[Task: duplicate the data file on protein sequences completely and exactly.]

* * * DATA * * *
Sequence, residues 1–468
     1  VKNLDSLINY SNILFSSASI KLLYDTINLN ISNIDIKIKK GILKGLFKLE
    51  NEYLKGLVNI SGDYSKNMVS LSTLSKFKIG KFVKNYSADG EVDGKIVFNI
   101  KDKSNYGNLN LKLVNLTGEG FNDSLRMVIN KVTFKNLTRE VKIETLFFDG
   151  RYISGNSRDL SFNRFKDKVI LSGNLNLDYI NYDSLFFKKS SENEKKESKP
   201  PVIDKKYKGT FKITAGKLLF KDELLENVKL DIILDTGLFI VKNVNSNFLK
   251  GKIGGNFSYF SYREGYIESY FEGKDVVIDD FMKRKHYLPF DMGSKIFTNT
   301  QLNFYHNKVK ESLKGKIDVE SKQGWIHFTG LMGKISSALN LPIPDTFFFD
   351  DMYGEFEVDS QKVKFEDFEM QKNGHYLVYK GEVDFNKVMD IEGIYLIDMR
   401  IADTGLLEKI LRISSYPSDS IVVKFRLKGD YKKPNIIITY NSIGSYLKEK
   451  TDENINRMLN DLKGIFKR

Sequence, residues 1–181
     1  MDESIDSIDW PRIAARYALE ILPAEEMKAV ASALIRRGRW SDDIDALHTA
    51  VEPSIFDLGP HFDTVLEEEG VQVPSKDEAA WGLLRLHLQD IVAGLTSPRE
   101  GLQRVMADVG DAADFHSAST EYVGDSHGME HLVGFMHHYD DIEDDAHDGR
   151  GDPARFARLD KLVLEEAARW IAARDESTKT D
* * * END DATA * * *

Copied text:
Sequence, residues 1–468
     1  VKNLDSLINY SNILFSSASI KLLYDTINLN ISNIDIKIKK GILKGLFKLE
    51  NEYLKGLVNI SGDYSKNMVS LSTLSKFKIG KFVKNYSADG EVDGKIVFNI
   101  KDKSNYGNLN LKLVNLTGEG FNDSLRMVIN KVTFKNLTRE VKIETLFFDG
   151  RYISGNSRDL SFNRFKDKVI LSGNLNLDYI NYDSLFFKKS SENEKKESKP
   201  PVIDKKYKGT FKITAGKLLF KDELLENVKL DIILDTGLFI VKNVNSNFLK
   251  GKIGGNFSYF SYREGYIESY FEGKDVVIDD FMKRKHYLPF DMGSKIFTNT
   301  QLNFYHNKVK ESLKGKIDVE SKQGWIHFTG LMGKISSALN LPIPDTFFFD
   351  DMYGEFEVDS QKVKFEDFEM QKNGHYLVYK GEVDFNKVMD IEGIYLIDMR
   401  IADTGLLEKI LRISSYPSDS IVVKFRLKGD YKKPNIIITY NSIGSYLKEK
   451  TDENINRMLN DLKGIFKR

Sequence, residues 1–181
     1  MDESIDSIDW PRIAARYALE ILPAEEMKAV ASALIRRGRW SDDIDALHTA
    51  VEPSIFDLGP HFDTVLEEEG VQVPSKDEAA WGLLRLHLQD IVAGLTSPRE
   101  GLQRVMADVG DAADFHSAST EYVGDSHGME HLVGFMHHYD DIEDDAHDGR
   151  GDPARFARLD KLVLEEAARW IAARDESTKT D